Many women and men are
reluctant to call police when they are beaten. Victims fear that their partners
will retaliate or that police officers will be insensitive and embarrass them,
among other concerns. But many communities have made great progress in
educating police officers and other people in the criminal justice system about
Many states require
that police officers automatically arrest the abuser if they believe domestic
violence has occurred. In some communities, assistance from local victim's
advocacy groups and state social services are requested at the same time. Along
with these services, the law can be another tool you can use to increase your
safety and independence.
In many states, police officers can help
you obtain a temporary
protective order (or restraining order) at the scene
of the crime. These orders usually last until a permanent protective order can
In general, protective orders require the abuser to
stay away from you, your home, your workplace, or your school-to stop all
contact, whether by telephone, notes, email, or other means-and to stop
harming or threatening you. You can request a protective order at any time. An
abuser can be arrested for violating a protective order, which is considered
contempt of court and a minor (misdemeanor) criminal offense.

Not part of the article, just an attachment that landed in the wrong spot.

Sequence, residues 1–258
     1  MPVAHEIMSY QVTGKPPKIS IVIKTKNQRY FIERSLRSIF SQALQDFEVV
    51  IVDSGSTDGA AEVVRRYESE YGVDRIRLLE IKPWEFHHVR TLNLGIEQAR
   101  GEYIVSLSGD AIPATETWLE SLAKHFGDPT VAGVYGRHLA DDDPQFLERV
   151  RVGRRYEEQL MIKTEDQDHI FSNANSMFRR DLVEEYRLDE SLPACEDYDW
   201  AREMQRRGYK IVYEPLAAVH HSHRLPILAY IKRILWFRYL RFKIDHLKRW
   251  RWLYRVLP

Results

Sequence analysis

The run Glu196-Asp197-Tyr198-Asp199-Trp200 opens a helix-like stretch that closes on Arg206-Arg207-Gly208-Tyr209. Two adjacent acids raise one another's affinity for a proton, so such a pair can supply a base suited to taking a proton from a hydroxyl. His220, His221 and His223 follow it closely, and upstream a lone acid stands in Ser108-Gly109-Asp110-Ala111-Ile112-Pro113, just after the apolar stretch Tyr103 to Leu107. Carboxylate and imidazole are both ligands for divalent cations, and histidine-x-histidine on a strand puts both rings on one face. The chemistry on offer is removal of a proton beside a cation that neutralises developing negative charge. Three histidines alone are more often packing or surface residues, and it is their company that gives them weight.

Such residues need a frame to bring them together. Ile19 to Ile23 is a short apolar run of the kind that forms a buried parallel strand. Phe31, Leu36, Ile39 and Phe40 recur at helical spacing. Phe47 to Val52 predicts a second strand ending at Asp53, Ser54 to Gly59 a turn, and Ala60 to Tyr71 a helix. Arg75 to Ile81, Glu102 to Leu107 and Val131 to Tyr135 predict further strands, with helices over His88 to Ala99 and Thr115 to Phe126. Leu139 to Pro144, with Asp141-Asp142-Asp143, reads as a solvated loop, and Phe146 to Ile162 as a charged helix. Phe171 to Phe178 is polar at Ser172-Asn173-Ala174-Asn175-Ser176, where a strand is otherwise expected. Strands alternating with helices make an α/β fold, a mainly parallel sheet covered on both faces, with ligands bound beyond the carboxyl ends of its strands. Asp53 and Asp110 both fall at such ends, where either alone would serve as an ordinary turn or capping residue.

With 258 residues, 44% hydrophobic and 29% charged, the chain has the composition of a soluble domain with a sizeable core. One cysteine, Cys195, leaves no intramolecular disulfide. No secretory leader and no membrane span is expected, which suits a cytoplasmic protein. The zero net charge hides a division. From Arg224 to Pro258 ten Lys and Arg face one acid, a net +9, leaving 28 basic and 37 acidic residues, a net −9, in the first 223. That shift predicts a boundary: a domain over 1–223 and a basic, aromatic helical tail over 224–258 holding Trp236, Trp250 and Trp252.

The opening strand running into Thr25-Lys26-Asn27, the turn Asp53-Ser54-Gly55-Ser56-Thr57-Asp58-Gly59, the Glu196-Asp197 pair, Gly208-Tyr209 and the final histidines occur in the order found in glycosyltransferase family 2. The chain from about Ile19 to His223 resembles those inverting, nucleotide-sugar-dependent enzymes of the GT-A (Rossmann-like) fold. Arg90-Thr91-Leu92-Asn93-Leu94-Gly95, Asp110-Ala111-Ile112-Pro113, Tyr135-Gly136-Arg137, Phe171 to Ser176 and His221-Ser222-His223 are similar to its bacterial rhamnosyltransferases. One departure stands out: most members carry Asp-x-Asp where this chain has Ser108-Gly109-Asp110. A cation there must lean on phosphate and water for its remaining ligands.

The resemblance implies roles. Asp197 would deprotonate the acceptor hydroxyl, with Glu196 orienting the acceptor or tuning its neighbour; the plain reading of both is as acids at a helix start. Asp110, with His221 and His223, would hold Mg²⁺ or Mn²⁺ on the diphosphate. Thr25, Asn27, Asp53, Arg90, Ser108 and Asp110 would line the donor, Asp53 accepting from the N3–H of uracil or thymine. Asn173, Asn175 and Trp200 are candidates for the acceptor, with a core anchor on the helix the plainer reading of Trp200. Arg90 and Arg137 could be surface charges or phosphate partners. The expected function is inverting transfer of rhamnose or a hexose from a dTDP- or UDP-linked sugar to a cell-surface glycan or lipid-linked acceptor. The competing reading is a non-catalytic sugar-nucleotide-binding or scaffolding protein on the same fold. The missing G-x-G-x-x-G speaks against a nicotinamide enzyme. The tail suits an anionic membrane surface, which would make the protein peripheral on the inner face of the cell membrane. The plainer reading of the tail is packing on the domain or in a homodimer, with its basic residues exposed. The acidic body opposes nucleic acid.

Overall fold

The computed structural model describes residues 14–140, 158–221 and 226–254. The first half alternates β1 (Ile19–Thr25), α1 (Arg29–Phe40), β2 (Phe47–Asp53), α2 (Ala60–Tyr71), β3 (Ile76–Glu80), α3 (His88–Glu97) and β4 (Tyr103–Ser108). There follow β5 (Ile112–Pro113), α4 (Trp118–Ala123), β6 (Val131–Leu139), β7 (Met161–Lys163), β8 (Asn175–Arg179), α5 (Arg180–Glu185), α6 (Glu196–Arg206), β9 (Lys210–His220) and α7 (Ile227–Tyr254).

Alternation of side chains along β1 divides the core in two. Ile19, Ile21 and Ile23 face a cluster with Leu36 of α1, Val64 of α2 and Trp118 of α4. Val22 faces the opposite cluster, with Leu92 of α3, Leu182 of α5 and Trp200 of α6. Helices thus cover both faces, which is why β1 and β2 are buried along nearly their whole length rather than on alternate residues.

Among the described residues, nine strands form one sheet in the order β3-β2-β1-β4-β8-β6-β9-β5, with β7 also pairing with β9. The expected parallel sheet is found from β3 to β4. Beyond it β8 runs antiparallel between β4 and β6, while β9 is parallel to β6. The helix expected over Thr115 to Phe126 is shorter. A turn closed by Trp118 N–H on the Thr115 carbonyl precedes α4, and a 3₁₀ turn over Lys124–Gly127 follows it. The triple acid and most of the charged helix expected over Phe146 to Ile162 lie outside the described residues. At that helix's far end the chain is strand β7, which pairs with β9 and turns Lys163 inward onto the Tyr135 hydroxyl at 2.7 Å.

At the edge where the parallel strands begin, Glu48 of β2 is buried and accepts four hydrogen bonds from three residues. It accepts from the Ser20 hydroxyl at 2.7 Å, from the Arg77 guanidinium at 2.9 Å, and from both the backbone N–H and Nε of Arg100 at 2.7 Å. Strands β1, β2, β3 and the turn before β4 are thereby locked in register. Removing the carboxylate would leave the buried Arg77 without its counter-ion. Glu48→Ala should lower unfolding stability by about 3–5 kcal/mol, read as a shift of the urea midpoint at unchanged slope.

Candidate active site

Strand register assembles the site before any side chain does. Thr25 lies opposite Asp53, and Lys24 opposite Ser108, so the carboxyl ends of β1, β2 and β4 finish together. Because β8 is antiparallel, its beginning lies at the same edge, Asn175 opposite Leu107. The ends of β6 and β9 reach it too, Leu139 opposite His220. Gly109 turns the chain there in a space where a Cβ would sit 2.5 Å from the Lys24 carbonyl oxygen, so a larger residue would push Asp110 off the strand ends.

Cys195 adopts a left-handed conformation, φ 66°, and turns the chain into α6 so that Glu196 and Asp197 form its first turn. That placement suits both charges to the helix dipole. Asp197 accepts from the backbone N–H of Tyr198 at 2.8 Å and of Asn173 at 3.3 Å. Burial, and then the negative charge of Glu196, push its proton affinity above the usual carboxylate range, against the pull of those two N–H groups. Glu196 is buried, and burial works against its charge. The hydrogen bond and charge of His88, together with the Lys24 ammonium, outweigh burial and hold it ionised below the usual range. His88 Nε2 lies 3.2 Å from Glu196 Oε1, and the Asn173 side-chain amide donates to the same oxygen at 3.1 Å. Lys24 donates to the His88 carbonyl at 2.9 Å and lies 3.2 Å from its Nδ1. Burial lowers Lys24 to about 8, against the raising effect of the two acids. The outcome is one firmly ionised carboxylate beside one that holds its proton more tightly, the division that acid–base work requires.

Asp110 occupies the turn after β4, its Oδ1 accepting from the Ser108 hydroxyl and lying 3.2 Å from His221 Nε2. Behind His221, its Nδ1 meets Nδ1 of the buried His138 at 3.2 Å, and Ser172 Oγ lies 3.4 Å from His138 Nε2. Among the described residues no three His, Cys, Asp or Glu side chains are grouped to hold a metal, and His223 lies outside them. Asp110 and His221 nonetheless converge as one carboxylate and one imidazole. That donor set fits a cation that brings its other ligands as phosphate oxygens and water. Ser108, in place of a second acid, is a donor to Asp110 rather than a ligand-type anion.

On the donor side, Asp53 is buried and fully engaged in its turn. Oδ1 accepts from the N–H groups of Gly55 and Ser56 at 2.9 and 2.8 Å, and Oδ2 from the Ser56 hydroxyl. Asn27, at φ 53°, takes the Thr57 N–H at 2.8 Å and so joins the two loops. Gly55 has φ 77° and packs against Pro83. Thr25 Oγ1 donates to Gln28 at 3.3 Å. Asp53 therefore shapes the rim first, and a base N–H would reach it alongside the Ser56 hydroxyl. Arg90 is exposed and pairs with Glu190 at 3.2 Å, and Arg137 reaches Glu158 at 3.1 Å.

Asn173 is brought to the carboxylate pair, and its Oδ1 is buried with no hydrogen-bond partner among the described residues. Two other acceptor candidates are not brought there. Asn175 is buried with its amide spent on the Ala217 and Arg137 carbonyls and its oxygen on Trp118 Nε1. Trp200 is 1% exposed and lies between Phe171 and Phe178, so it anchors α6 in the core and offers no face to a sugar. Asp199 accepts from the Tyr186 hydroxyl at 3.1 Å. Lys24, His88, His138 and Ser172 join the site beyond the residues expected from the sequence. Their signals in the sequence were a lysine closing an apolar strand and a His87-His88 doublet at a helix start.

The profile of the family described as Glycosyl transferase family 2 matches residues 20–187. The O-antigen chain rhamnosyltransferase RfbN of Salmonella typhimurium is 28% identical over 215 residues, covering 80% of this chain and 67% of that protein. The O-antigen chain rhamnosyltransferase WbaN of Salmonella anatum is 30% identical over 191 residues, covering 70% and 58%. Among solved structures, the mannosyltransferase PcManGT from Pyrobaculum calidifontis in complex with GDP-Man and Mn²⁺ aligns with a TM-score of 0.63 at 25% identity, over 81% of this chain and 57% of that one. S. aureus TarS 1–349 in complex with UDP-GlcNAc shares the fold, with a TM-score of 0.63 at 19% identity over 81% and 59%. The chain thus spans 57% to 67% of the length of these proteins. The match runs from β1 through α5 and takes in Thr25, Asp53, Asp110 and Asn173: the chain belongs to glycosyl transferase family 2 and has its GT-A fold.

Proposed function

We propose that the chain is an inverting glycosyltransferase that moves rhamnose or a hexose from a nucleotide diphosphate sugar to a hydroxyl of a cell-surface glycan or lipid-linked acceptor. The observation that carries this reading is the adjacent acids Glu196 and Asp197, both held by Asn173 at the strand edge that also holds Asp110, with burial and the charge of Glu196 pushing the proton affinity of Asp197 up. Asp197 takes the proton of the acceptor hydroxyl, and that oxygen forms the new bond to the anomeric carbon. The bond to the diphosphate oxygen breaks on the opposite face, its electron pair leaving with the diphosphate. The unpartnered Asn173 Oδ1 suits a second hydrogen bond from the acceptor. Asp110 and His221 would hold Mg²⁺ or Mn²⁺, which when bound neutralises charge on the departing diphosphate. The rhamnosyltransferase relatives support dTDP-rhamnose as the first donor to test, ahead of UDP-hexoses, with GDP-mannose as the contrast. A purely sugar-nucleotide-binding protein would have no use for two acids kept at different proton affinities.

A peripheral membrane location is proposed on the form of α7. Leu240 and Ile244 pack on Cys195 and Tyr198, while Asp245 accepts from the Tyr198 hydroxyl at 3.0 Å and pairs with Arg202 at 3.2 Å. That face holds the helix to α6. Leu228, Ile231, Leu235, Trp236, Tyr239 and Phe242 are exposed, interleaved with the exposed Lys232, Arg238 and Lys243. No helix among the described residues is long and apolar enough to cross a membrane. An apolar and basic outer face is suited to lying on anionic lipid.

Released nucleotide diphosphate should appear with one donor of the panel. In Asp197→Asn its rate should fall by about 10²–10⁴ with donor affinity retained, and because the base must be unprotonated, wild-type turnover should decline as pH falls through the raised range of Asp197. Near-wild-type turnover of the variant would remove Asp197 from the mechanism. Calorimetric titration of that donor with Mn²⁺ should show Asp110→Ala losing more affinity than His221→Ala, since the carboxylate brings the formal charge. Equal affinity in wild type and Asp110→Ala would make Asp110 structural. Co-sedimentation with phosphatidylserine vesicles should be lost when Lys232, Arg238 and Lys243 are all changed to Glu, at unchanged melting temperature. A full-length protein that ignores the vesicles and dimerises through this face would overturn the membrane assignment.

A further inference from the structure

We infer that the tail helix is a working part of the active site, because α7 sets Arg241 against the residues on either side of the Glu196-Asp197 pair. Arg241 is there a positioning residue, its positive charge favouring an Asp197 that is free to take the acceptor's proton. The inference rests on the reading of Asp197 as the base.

Protective orders are available in all states, but each state has its own laws
governing them. Many states allow you to obtain a protective order
without an attorney. The court can also extend the protective
order to your children and order the abuser to have no contact with them, your
children's doctors, day care, or school.
Keep your protective order with you at all times, and keep
a copy in a safe place. If you travel to another state, check to see if your
protective order is valid in that state. Some states enforce protective orders
from other states, but many do not.
While protective orders do not
automatically prevent you from being abused, they do deter abusers. In one
large study that followed women for 12 months, women who obtained permanent
protective court orders were 80% less likely to be physically or
psychologically abused than those who did not get permanent protective
Contact your local domestic
violence group, legal aid society, or family court for help. See the National
Coalition Against Domestic Violence's website at
www.ncadv.org/resources/StateCoalitionList.php to find the program nearest to you that
offers shelter and legal support. Also, the National Domestic Violence Hotline
1-800-799-SAFE (1-800-799-7233) can provide you with contacts.
The court may also award temporary custody of children to you, along with child
support, spousal support, and use of the home and car along with the protective
order. The court may be able to order the batterer to pay your legal costs and
fees. As a victim of a crime, you may also be eligible for additional financial
support from the court.
Many states require that
abusers attend batterer intervention programs. These programs try to make
abusers accountable for their behavior and educate them about healthy
alternatives to their abuse. Batterer intervention programs report varying
degrees of success, although so far, studies have not verified that success.
Most experts believe that batterer programs are most effective when the abuser
recognizes that his or her behavior is abusive, and wants to change.13